In the same year, Japan was the fourth largest foreign supplier of goods such as vehicles and industrial products to Canada. At the end of 2010, Japan was Canada’s sixth-largest source of foreign direct investment. Japan’s direct investment, such as that found in the car industry of Ontario, employs more than 64,000 Canadians. These cars are also exported to the U.S.

Our two countries equally maintain competitive leadership in high-tech, IT and other advanced industries, which gives ample opportunities for industry and technology cooperation. An excellent example of this cooperation is the long partnership between Bombardier of Canada and Mitsubishi Heavy Industries (MHI). Beginning in the mid-1990s, MHI provided significant design, manufacture and production support, as symbolized in its supply of carbon fiber made fuselage, to the development of a number of business jets and regional aircraft produced by Bombardier including the Global, Challenger, and CRJ series planes.

These economic ties, which have served as a cornerstone of our bilateral relationship, will be further strengthened by negotiations toward an Economic Partnership Agreement (EPA), which Prime Minister Harper and Noda launched during Mr. Harper’s March visit to Japan in 2012. Japan and Canada also share the view that participation in the Trans-Pacific Partnership (TPP) will further improve economic relations with neighboring Asia-Pacific countries.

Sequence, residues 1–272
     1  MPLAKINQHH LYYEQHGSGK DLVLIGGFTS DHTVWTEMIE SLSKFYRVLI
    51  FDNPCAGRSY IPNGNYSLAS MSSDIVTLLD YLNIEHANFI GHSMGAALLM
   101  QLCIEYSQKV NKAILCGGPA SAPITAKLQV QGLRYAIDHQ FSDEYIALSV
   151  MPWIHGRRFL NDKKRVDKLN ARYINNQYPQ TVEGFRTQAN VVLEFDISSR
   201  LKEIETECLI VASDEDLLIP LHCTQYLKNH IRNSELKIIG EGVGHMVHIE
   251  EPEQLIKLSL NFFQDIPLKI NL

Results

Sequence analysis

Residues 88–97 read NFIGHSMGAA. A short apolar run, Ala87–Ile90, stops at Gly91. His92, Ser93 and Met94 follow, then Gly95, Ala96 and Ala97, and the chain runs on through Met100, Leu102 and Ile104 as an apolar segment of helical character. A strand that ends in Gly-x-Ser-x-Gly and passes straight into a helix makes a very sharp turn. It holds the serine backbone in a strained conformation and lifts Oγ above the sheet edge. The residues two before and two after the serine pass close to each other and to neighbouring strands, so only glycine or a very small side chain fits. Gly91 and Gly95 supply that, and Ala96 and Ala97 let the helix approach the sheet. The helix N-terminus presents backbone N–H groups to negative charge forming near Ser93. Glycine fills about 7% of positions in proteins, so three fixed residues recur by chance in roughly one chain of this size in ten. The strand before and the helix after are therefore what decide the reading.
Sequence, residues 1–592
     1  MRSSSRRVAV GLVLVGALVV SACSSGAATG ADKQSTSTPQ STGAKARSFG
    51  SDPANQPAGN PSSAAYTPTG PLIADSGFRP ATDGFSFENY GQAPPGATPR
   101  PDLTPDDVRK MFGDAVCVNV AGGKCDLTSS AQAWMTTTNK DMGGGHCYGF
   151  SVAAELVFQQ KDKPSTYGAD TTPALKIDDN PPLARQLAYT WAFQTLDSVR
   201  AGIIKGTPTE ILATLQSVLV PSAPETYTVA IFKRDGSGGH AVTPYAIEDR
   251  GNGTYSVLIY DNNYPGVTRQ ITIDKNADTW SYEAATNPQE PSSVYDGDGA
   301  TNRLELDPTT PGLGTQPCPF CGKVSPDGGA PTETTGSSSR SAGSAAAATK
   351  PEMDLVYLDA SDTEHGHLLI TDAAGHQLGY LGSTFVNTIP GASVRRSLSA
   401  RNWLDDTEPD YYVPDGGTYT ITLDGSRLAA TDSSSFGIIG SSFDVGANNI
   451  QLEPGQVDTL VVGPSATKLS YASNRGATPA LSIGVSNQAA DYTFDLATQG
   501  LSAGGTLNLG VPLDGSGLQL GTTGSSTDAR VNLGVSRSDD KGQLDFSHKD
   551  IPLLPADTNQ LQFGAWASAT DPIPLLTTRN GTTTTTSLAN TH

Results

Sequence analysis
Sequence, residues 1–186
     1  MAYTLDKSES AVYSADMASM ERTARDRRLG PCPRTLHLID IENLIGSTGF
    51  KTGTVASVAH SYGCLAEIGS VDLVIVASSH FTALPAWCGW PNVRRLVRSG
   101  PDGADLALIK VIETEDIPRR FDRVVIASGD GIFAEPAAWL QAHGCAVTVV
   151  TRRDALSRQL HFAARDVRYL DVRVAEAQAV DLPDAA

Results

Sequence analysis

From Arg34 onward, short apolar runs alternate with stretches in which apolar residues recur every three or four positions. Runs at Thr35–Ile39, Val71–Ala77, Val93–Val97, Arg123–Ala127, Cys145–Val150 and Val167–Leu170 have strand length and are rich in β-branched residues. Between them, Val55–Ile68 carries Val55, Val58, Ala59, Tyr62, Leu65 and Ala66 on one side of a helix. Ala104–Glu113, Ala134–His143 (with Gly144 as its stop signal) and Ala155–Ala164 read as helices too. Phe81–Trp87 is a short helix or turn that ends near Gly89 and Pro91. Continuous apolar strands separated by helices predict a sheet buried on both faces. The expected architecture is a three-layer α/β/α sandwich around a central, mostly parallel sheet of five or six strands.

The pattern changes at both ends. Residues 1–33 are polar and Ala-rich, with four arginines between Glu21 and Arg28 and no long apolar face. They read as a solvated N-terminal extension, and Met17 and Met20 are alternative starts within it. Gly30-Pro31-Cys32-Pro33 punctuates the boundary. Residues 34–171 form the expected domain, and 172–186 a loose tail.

In the field of science and technology, our cooperation is well-represented by the docking of Japan’s unmanned transfer vehicle, the Kounotori (HTV) with the International Space Station (ISS) in which the Canadian-developed robotic arm, Canadarm2 played a critical role. The year 2011 marked the 25th anniversary of science and technology cooperation between Japan and Canada. Under this framework, our two countries have launched initiatives in the fields of nanotechnology, stem cell research and sustainable energy technology. Recently, our two countries successfully held two stem cell workshops with distinguished scientists in Toronto in 2011, and in Yokohama in 2012. The first nanotechnology workshop with senior researchers and Government officials was held in Waterloo in 2011, in order to enhance science and technology collaboration between our two countries.